So, even if someone with PTSD has been undergoing standard treatments such as therapy, medications, or even a combination of both, they may still grapple with severe, persistent symptoms if they are treatment-resistant. “When an individual presents with PTSD and has not had success in significantly reducing or resolving their symptoms after months, or possibly years, of treatment, we ask the following questions: is there more to the clinical picture?” Vitello says. In cases of treatment-resistant PTSD, it’s important to take a deeper look. 

What are the signs and symptoms of treatment-resistant PTSD?

The Diagnostic and Statistical Manual of Mental Disorders, Fifth Edition (The DSM-5) outlines PTSD symptoms in multiple different categories. If you still experience many of these symptoms, and they are interfering with your quality of life and day-to-day functioning despite treatment, this is an indication that you could have treatment-resistant PTSD.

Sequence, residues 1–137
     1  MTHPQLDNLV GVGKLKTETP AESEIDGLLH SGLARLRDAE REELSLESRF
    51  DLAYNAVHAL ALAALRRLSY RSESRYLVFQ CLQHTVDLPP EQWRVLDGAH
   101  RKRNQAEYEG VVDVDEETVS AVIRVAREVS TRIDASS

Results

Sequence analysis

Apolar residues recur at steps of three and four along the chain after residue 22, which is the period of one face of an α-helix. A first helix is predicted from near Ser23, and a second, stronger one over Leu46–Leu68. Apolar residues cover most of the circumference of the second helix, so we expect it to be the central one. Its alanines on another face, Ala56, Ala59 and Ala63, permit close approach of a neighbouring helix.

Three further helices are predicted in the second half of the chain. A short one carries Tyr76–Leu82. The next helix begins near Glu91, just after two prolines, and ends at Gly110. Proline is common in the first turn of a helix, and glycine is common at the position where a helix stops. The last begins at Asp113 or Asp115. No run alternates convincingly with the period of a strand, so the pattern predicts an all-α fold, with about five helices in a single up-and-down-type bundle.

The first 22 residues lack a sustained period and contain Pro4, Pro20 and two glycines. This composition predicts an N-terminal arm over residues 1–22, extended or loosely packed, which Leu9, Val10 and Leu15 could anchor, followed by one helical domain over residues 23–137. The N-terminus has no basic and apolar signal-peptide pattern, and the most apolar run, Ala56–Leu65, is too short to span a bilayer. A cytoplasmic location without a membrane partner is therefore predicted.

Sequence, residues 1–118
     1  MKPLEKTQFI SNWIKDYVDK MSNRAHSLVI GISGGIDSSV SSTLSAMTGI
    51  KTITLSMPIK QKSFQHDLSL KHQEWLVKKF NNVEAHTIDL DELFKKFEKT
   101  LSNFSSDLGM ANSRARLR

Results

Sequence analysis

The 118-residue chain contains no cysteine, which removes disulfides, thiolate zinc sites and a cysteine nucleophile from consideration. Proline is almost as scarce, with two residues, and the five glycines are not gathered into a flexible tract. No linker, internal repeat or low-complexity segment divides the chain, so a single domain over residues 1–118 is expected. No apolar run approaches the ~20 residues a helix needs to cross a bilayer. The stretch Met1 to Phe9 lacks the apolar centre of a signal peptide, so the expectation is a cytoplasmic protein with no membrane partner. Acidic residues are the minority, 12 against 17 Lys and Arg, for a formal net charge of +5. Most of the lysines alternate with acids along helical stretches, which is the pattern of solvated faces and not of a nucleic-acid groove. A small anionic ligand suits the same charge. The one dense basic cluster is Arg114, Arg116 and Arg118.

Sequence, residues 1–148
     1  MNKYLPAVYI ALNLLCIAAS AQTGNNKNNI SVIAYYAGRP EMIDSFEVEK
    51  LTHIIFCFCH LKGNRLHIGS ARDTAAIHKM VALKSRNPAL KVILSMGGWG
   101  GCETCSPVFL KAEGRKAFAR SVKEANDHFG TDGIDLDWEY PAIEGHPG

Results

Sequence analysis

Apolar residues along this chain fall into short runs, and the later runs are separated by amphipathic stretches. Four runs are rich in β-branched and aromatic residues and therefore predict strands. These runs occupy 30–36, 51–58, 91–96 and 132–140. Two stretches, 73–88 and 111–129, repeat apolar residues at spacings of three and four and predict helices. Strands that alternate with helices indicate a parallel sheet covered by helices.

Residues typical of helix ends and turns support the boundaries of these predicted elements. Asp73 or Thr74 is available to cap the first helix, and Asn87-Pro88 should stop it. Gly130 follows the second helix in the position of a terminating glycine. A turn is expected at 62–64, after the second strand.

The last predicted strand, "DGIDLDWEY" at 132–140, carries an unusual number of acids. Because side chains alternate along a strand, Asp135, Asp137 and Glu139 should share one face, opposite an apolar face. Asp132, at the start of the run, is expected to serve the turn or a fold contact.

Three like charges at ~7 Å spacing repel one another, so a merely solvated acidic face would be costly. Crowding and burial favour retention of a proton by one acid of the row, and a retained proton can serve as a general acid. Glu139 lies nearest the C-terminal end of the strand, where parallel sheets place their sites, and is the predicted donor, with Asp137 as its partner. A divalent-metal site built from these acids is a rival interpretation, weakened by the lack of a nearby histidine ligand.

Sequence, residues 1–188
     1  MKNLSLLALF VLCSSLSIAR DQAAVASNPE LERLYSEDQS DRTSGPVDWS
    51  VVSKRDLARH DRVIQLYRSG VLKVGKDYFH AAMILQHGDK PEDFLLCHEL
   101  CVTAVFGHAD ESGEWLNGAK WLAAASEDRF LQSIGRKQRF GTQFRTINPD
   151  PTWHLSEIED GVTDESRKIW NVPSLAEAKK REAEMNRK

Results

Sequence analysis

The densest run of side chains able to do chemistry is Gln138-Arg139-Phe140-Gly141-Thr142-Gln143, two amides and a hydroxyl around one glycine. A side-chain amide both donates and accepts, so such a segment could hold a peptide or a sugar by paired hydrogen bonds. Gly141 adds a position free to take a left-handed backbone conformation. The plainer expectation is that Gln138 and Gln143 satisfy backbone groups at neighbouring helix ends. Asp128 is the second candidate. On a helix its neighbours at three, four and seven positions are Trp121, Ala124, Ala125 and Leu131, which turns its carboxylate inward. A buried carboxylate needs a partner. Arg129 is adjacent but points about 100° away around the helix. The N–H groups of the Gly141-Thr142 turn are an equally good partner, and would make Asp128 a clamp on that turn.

Intrusion symptoms

  • Repeated distressing memories or nightmares of the traumatic event
  • Flashbacks where you feel like the trauma is happening now
  • May include emotional distress and physical symptoms (e.g., pain)

Avoidance symptoms

  • Avoiding internal reminders (like thoughts or memories) of the trauma
  • Avoiding external reminders (such as places, people, or situations) of the trauma 

Cognitive/mood symptoms

  • Difficulty remembering parts of the traumatic event 
  • Ongoing drastic negative beliefs about yourself or others  
  • Repeatedly blaming yourself or others for the trauma
  • Losing interest in activities
  • Feeling detached from other people

Arousal and reactivity symptoms

  • Aggression, anger, and irritability
  • Being reckless or self-destructive
  • Hypervigilance
  • Difficulty concentrating or sleeping